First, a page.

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Lee Hye-ri in a scene from fantasy romcom K-drama My Roommate Is a Gumiho.

K-drama My Roommate Is a Gumiho: fantasy romcom ticks the boxes, and not much else

  • Jang Ki-yong plays Shin Woo-yeo, the gumiho of the title – a nine-tailed fox from Korean folklore who is 999 years old and wants to finally become human
  • Lingering hugs and long stares by the romantic leads have been the order of the day so far, but the show has yet to provide a strong narrative hook
The cohabitation romcom and the gumiho fantasy romance, two very popular K-drama tropes, are combined in the new series My Roommate Is a Gumiho, the first Korean show produced by streaming giant iQiyi, which made the show with Studio Dragon.

It’s not a completely novel mix, as we’ve seen it done before in My Girlfriend Is a Gumiho, but the twist here is that the gumiho, or nine-tailed fox, a legendary creature found in Korean folklore which usually takes on female form, is a man.

The man in question is Shin Woo-yeo (Jang Ki-yong), a 999-year-old gumiho who has lived through the ages by absorbing women’s energy by seducing them and collecting it in a bead. Yet Woo-yeo, who in the present age is a dashing professor, longs to become a real human.

Enter university student Lee Dam (Lee Hye-ri, or simply as Hyeri). She is trying to escort her drunk friend home one evening when he runs right into a fancy sports car belonging to none other than Woo-yeo. He lets them off, but as Dam tries to drag her friend away she trips and accidentally hits Woo-yeo in the stomach, making him cough up a special bead, which she inadvertently swallows.

Dam wakes up in Woo-yeo’s swanky home, where he explains that he’s a gumiho and that he needs to retrieve his bead from her. He proposes that she stay there while he figures out how to do it. She laughs off his statement, only for Woo-yeo to turn into a majestic white nine-tailed fox.

Part of the reason Dam needs to stay with Woo-yeo is that the bead will feed on her energy, especially if touched by men born in the Year of the Tiger – the tiger being the mortal enemy of the fox. As luck would have it, Gye Sun-woo (Bae In-hyuk), a handsome new student born in the Year of the Tiger, has taken a fancy to Dam.

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What Woo-yeo doesn’t tell Dam initially is that if he fails to remove the bead from her within a year, she will die.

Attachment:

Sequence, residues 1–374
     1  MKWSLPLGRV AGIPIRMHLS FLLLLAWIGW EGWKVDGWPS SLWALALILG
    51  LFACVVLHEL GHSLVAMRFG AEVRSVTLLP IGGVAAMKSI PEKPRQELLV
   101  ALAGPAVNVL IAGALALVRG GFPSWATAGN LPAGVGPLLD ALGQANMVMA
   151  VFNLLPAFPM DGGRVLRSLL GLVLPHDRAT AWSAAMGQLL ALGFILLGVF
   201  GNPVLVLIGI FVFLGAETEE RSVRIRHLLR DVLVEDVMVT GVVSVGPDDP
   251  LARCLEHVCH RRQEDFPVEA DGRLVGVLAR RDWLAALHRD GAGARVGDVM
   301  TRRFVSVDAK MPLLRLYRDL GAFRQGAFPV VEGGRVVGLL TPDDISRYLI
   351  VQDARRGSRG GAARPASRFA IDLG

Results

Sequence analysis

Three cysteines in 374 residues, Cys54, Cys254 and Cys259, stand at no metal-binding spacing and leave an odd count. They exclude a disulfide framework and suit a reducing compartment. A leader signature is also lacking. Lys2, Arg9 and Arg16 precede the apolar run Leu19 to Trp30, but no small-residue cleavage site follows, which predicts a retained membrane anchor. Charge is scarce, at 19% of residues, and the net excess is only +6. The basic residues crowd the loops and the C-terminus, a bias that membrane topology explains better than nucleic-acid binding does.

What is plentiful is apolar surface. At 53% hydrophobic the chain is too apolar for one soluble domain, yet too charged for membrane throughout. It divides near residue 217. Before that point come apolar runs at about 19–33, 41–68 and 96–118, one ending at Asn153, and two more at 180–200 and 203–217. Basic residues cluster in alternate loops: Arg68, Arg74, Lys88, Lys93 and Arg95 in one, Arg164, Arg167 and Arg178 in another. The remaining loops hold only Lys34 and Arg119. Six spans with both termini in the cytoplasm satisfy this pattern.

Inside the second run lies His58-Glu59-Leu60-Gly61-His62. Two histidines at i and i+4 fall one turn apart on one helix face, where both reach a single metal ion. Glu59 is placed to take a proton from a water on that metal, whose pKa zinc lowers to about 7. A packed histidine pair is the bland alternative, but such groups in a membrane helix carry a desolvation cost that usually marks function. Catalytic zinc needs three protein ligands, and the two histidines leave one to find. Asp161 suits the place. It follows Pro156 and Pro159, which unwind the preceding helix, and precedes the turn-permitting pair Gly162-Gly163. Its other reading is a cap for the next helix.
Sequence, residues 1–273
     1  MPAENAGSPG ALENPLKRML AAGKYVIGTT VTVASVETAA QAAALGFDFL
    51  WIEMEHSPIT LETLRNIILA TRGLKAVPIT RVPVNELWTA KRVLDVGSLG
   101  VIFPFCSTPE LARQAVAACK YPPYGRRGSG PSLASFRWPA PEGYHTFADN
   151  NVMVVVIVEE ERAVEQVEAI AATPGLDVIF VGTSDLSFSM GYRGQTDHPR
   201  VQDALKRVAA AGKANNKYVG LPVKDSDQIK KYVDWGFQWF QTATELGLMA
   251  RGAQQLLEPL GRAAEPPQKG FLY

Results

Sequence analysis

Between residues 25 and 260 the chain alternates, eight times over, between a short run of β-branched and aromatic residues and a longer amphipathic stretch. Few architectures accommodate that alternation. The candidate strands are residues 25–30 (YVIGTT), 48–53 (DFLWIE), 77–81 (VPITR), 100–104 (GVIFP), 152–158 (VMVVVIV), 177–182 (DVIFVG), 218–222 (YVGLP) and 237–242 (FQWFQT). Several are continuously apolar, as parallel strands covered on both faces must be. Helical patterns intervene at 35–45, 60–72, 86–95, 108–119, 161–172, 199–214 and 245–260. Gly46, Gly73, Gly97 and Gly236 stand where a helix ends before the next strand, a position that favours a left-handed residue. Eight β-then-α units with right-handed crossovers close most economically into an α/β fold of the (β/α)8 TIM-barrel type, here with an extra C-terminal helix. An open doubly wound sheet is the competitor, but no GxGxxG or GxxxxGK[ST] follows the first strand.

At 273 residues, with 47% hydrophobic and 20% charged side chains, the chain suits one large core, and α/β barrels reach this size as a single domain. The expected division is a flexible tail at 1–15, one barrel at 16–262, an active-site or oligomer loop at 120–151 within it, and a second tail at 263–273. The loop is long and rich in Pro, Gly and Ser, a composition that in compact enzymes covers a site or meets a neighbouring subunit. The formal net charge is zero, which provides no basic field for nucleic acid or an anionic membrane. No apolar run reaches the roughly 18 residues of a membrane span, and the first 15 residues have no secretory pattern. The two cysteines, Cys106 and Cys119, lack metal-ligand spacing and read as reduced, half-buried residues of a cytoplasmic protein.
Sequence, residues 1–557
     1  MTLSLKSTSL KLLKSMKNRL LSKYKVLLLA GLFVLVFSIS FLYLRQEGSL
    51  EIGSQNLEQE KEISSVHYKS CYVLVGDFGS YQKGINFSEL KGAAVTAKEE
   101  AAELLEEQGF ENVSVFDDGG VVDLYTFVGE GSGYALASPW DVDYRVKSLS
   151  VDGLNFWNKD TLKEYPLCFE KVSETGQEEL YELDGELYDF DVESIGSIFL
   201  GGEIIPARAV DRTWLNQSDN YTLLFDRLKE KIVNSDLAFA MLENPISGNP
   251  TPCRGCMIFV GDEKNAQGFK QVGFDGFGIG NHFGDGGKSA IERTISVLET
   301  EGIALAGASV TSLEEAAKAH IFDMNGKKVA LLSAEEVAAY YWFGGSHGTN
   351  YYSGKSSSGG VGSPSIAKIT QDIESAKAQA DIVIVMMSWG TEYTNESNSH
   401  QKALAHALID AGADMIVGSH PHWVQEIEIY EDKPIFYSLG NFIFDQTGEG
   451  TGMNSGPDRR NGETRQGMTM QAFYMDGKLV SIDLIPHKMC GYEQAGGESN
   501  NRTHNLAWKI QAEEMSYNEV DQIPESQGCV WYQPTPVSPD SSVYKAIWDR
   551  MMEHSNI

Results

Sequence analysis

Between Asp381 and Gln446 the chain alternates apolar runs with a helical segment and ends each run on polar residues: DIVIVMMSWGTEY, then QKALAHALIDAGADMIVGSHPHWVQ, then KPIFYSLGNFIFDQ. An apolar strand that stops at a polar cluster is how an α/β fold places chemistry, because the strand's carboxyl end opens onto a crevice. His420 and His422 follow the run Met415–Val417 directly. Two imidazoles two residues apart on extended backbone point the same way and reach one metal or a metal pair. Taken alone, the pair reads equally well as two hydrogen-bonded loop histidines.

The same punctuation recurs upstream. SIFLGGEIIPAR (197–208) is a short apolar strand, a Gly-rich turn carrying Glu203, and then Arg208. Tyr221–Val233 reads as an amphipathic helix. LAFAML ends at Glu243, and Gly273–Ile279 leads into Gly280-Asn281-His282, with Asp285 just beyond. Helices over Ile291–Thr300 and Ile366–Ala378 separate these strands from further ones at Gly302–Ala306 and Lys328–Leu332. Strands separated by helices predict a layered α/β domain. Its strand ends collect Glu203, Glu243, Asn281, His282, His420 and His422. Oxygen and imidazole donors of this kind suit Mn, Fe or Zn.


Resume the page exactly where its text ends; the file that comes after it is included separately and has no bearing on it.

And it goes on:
Opposites attract and this adage is never truer than when two seemingly incompatible personalities are thrust into an enclosed space for a prolonged amount of time. Sticking a girl and a boy who don’t get along under the same roof and waiting for the sparks to fly has been a particularly effective formula on Korean TV, resulting in classic shows such as Full House and It’s Okay, That’s Love.

Gumihos, which used to feature prominently in Korean horror films, were often depicted as femme fatale characters who seduce men to devour their livers, from which they draw their energy. In modern Korean screen entertainment, gumihos typically feature in comedy and romance.

Bae In-hyuk in a still from My Roommate Is a Gumiho.

Though Woo-yeo may be a male and more benign version of a gumiho, the show still finds room for a classic version of the character in the shape of fashion lover Yang Hye-sun (Kang Han-na), who used to terrorise the ancient Korean Joseon Kingdom in her search of male livers to consume but has recently become human and ends up helping Woo-yeo by enrolling in Dam’s university and keeping an eye on her.

Speaking of livers, the Korean title of the show, Liver-Spilling Co-Habitation, works as a clever pun, since “liver-spilling” is a Korean idiom for “frightening”.

As a romantic comedy My Roommate Is a Gumiho doesn’t really attempt to break any new ground. The comedy is broad, the female lead gorges on comfort food throughout, and the gender roles remain quite regressive.

Kang Han-na in a scene from the fantasy romcom K-drama.

It’s true that Dam is a callow college student and that Woo-yeo has been wizened through a millennium of experience, but the stark contrast between her childishness and his maturity wears thin pretty quickly. What’s more, Hye-sun, despite her 700 years in this world, is repeatedly, and disappointingly, depicted as a vapid airhead.

Beyond that, the show works as an easy-going confection tailor-made for a younger audience, particularly fans of Lee, known as a member of K-pop group Girl’s Day and for shows like Reply 1988, and Jang, one of the industry’s go-to younger male leads.

Jang mostly gets the easier role as the stoic eye-candy gumiho who possesses an array of superpowers, including shape-shifting, teleporting, levitation and super strength. Lee has to flex more with a wider range of admittedly exaggerated emotions in a spirited performance that doesn’t always work.

Lee (left) and Jang in a scene from My Roommate Is a Gumiho.

Over its first two weeks, My Roommate Is a Gumiho has already ticked several classic K-drama romcom boxes, with lingering hugs, long stares and umbrella scenes already featuring prominently.

But since the show has yet to grab us with a strong narrative hook, the K-drama trappings that give us scenes such as one where treacly K-pop songs play as Woo-yeo sits wistfully waiting for Dam by a gigantic display of flowers in a trendy cafe feel a bit hollow so far.

My Roommate Is a Gumiho is streaming on iQiyi.